The Grand Ethiopian Renaissance Dam in Ethiopia, June 26 2020. Picture: MAXAR TECHNOLOGIES
The Grand Ethiopian Renaissance Dam in Ethiopia, June 26 2020. Picture: MAXAR TECHNOLOGIES

Khartoum  —  Sudan's prime minister has written to the AU, the UN, the EU, and the US  to formally request their mediation on the Nile water being used to fill Grand Ethiopian Renaissance Dam, the Sudanese foreign ministry said on Monday.

Prime Minister Abdalla Hamdok expressed concern over Ethiopia's stated intention of adding more water to the reservoir behind the hydropower dam for a second year in letters sent on Saturday, the statement added.

Hamdok's comments come after his return from Cairo on Friday, about 10 days after Egyptian President Abdel Fattah el-Sisi’s visit to Khartoum, reports said.

Sudan had already floated the idea of the four-party mediation with Egyptian support after an AU-led mediation effort stalled.

Sudan, Ethiopia and Egypt have been locked  in inconclusive talks over the filling and operation of the hydropower dam for at least a decade. Egypt and Sudan lie downstream from the dam, which Ethiopia says is crucial to its economic development.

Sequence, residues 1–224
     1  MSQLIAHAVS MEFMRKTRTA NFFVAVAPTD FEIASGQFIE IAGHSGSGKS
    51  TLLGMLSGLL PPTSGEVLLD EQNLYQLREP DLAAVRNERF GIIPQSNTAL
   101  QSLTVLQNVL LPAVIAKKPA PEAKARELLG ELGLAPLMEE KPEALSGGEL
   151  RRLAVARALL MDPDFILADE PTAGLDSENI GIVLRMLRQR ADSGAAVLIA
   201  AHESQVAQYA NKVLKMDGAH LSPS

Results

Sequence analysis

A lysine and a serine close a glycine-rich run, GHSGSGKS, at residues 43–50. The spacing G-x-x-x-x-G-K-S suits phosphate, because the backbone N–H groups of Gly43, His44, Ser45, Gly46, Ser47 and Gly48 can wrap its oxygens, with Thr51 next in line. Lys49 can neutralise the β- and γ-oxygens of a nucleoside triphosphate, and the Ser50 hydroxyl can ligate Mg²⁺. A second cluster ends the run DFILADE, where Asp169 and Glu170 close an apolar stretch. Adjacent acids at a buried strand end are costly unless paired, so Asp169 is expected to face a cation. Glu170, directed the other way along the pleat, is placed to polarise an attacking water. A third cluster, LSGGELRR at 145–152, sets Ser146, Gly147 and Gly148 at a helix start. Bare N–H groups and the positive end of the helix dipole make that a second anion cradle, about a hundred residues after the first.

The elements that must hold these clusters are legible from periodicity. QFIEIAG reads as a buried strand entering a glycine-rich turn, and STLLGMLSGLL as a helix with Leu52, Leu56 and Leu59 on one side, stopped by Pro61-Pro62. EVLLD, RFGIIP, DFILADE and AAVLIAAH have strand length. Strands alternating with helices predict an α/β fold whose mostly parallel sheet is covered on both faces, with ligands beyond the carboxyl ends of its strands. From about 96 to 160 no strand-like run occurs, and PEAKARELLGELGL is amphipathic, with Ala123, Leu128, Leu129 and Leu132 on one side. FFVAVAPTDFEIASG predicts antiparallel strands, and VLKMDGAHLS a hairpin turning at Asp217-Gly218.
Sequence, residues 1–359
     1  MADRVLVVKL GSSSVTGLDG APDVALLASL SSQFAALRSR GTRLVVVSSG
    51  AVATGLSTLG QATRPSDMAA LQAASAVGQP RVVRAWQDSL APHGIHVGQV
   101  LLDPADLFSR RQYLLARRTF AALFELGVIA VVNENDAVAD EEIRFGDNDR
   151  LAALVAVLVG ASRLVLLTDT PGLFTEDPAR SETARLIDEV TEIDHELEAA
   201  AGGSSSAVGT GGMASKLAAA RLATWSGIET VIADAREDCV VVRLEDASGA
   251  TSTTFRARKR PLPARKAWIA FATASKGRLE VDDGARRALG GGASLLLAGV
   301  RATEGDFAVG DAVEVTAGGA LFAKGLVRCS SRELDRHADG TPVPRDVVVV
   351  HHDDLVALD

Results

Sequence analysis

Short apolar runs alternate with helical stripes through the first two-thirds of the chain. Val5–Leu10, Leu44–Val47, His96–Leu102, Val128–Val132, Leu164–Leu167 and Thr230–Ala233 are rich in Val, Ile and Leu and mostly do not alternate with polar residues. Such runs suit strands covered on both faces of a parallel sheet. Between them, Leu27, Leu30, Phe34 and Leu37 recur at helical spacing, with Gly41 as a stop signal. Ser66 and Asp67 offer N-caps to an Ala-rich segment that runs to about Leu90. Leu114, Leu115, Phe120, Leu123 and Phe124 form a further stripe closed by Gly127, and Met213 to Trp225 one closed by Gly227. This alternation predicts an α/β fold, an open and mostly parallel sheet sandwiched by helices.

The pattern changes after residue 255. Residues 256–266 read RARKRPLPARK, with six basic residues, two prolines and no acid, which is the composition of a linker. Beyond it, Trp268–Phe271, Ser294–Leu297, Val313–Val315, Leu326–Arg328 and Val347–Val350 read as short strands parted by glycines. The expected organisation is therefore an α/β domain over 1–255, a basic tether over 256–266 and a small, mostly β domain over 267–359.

Reports said last year that AU-led talks had resumed in October 2020 after Ethiopia summoned the US ambassador over what it called an “incitement of war” between Ethiopia and Egypt by then US president Donald Trump over the dam dispute. Trump had called for an agreement between the countries, but said it was a dangerous situation and that Cairo could end up “blowing up that dam”.

Sudan's irrigation ministry said at the time talks they would discuss a new model for talks giving “a bigger role to experts and observers”.

Egypt, which gets more than 90% of its scarce fresh water from the Nile and fears the dam could devastate its economy, left the negotiations in August after Ethiopia proposed a new timeline for filling the dam.

Ethiopian legislators have said  that “no force on earth” would stop the completion of the dam and that they were ready to defend it from internal as well as external attacks.

Reuters

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